Egypt’s chief prosecutor orders assets for opposition Abul-Fotouh and 15 others – Politics – Egypt – to be frozen
Egypt’s chief prosecutor, Nabil Sadek, has ordered assets to be frozen against the founder and opposition representative of the Strong Egypt Party, Abdel-Moniem Abul-Fotouh, and 15 other people for alleged links to terrorist activities.
Abul-Fotouh was arrested last week, the day after he returned from London, where he had given interviews critical of the government. The former Islamist presidential candidate and 15 others were also placed on the country’s terrorist list by a court decision for allegedly having ties to the banned Muslim Brotherhood group.
Abul-Fotouh was described as a leading member of the Muslim Brotherhood in the Asset Freeze Orders.
The terrorist’s nomination followed a request from prosecutors after investigations revealed that Abul-Fotouh and the others “led and joined an illegal group aimed at harming the interests of the Egyptian state,” state-run MENA news agency said . in relation to the Muslim Brotherhood.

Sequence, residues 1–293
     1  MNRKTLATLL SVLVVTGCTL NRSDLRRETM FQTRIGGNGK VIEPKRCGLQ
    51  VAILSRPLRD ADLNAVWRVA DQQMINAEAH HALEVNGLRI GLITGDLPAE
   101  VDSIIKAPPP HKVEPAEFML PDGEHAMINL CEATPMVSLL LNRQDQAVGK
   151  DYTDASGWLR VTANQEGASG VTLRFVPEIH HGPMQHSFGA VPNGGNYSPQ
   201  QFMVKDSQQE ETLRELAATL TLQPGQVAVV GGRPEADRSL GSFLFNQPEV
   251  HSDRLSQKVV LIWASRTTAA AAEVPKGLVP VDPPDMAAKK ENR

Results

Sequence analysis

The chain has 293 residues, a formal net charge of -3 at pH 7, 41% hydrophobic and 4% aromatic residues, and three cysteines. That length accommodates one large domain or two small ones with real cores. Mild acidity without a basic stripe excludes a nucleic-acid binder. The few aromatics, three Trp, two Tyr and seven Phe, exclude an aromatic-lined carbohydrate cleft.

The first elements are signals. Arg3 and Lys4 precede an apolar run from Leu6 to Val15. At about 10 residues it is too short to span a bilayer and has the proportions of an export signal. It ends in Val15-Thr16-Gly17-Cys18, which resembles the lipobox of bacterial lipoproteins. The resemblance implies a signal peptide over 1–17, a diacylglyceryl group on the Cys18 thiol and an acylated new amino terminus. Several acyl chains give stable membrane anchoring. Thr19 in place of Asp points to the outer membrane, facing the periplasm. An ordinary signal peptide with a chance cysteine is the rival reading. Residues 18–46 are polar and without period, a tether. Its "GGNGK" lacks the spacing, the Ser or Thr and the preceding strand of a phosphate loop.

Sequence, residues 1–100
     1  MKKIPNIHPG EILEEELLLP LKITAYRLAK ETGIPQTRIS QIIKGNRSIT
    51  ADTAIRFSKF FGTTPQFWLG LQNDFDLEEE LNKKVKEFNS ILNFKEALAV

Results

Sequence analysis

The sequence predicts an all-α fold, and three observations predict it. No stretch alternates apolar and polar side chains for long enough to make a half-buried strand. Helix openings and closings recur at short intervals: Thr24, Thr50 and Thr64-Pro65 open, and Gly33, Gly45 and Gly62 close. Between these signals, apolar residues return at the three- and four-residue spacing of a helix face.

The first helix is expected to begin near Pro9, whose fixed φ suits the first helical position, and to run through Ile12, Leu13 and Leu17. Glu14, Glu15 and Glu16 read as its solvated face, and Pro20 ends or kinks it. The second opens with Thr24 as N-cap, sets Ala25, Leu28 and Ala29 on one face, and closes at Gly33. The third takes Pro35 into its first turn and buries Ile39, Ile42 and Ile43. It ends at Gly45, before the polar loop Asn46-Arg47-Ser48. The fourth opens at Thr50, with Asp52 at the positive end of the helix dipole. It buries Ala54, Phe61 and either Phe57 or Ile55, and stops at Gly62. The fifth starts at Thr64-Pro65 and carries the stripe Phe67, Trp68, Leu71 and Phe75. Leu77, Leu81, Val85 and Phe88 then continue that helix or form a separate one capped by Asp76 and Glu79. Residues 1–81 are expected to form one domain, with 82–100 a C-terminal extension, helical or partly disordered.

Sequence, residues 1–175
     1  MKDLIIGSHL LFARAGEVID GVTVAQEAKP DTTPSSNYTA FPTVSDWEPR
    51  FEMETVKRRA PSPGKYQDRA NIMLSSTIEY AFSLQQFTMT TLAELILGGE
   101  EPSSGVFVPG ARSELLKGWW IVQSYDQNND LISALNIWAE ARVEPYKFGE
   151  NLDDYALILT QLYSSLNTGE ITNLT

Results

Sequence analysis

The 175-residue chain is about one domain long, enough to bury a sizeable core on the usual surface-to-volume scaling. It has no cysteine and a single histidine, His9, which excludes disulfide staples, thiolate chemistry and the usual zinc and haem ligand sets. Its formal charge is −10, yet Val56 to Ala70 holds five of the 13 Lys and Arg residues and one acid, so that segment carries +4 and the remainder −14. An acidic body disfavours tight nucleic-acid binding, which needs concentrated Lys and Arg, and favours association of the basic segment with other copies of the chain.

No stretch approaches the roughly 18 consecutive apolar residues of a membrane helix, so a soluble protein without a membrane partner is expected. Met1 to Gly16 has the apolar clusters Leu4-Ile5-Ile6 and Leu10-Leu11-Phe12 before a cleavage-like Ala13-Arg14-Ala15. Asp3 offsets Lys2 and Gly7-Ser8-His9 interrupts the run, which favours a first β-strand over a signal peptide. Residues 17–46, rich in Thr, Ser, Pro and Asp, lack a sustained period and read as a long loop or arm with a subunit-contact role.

On the list are Maha Azzam of the Chatham House Think Tank in London and the head of the so-called “Egyptian Revolutionary Council”, Mahmoud Ezzat, the London-based Supreme Leader of the Muslim Brotherhood.
Under Egypt’s Terrorism Entity Law, individuals placed on the terrorism list are banned from travel, placed on a watch list and subject to an asset freeze. Appeals can be lodged against the designation decision.
Egypt declared the Muslim Brotherhood a terrorist organization in December 2013.
Abul-Fotouh was detained for 15 days pending investigations into charges including “publishing and broadcasting false news that harms national interests” and “leading an illegal group” aimed at overthrowing the regime and the public To disturb order.
He was arrested days after an interview with Egypt-based new outlet Al-Jazeera Mubasher, which banned Egypt, criticizing President Abdel-Fattah El-Sisi for including the military in politics and ill-treating the economy would have.
The Home Office accused him of holding “secret meetings” with leaders of the International Organization of the Muslim Brotherhood in London earlier this month in order to carry out a conspiracy intended to spark unrest and instability in the country.
Abul-Fotouh was among several Egyptian politicians who last month called for a boycott of the upcoming presidential election, which was due to take place in late March.